Music Stories
10:06 am
Sat August 31, 2013

'Siren' Silenced, But Abigail Henderson's Music Lives On

Abigail Henderson, a color image from the video shoot of Tiny Horse's 'Ride.'
Abigail Henderson, a color image from the video shoot of Tiny Horse's 'Ride.'
Credit Mitch Brian

Friends and family will gather on Saturday to remember Abigail Hope Henderson. The musician died on Tuesday in Kansas City after a five-year fight with cancer. She was 36.

In some ways, her legacy will be interwined with her illness. 

Henderson was diagnosed with breast cancer in 2008. She and her husband and bandmate, Christopher Meck, had been introduced to the idea of a health care collective for musicians in New Orleans. Her own diagnosis provided an impetus.

When Henderson's insurance company did not pay for treatment, a fundraiser contributed seed money for Henderson and Meck to co-found the Midwest Music Foundation. The organization raises money for local musicians to pay for health care. According to The Kansas City Star, to date, the foundation's health care fund has distributed "more than $30,000 to local musicians."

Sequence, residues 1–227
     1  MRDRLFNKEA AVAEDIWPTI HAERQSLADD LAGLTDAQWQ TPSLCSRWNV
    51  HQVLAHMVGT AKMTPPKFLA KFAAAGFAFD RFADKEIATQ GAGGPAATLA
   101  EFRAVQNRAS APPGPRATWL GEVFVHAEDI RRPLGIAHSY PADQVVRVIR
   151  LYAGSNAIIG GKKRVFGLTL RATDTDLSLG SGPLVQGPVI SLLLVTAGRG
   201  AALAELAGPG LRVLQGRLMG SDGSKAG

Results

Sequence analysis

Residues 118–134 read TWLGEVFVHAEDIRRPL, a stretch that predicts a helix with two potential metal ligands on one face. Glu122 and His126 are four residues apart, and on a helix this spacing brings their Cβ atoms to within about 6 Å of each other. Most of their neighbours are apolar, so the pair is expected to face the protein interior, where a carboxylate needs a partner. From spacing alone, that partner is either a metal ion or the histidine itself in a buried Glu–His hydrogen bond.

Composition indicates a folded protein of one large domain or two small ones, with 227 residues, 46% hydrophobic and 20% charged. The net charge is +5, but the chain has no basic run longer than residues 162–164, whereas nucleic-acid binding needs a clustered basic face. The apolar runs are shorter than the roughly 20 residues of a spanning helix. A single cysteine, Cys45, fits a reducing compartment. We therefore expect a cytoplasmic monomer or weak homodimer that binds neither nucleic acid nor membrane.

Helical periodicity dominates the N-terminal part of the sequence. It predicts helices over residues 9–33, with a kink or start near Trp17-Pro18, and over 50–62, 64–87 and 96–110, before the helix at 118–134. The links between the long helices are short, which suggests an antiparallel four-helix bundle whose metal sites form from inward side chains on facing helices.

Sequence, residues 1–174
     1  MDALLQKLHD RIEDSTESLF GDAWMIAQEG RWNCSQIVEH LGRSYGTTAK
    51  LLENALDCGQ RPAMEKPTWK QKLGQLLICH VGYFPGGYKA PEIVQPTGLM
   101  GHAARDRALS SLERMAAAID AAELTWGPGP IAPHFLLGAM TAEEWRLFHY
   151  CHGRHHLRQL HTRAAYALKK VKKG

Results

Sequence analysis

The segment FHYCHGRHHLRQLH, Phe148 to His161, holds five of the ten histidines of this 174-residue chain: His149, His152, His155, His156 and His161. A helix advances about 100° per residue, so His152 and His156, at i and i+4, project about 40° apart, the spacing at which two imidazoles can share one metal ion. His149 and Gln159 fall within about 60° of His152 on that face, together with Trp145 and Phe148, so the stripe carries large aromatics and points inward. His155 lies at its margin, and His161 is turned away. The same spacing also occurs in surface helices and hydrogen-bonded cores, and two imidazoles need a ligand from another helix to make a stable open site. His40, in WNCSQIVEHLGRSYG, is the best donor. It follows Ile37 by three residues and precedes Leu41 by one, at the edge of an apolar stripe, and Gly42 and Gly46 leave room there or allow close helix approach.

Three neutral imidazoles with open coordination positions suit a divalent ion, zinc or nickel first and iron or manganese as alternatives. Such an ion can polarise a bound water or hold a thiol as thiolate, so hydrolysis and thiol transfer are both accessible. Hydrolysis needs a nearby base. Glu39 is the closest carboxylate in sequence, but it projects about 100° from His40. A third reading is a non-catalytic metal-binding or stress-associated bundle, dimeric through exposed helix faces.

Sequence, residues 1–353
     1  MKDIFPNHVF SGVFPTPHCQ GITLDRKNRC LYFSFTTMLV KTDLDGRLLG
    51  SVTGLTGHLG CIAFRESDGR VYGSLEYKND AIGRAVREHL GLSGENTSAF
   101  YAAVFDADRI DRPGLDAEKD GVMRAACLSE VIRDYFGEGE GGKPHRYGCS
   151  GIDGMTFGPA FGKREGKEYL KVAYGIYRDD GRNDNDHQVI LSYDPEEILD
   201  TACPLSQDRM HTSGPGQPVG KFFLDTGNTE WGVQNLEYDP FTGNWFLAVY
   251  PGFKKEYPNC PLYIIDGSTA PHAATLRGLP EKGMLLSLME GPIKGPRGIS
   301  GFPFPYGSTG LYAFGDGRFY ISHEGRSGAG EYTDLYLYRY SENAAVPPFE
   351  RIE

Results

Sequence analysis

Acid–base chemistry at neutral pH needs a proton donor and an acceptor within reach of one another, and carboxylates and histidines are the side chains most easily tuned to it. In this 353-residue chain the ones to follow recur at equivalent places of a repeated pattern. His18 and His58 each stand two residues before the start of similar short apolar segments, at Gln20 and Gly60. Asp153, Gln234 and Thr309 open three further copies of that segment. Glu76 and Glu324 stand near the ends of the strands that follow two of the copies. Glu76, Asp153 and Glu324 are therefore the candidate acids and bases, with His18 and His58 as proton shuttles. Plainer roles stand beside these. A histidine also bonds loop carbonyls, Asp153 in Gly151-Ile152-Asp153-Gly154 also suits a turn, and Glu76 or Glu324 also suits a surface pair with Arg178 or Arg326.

Henderson started playing guitar in her early 20s, performing in a number of bands, including Trouble Junction, the Gaslights, Atlantic Fadeout, and finally, Tiny Horse. Along the way, she developed, according to The Star's Tim Finn, "a voice that arrested a lot of attention."

A series of chemotherapy treatments had kept her illness at bay, until January 2012 when the cancer flared up again. As The Star reports, that was when Henderson tried an experimental treatment. Her voice changed, but she continued to sing:

She took a last-ditch experimental drug and recovered, but not unscathed. The cancer had paralyzed one of her vocal cords. Still, she did not give up her music. Instead, she and Meck started Tiny Horse, a folk duo that would grow into a full band.

“I used to nail notes to the walls,” she told The Star in October, days before the fifth annual Apocalypse Meow. “I can’t do that anymore. I had to find a different path. It’s like a guitar player who loses fingers: You can still play, you just have to figure out how to do it differently.”

In a review of Tiny Horse's EP, released in March 2013, Zach Hodson wrote of the music: "it is sorrow meant to be remembered, celebrated, and enjoyed."  Henderson's last performance took place in July 2013, when Tiny Horse opened for the BoDeans at Knuckleheads.

A memorial service takes place Saturday, August 31, at 5 p.m. at Unity Temple on the Plaza, 707 W. 47th Street, Kansas City, Mo.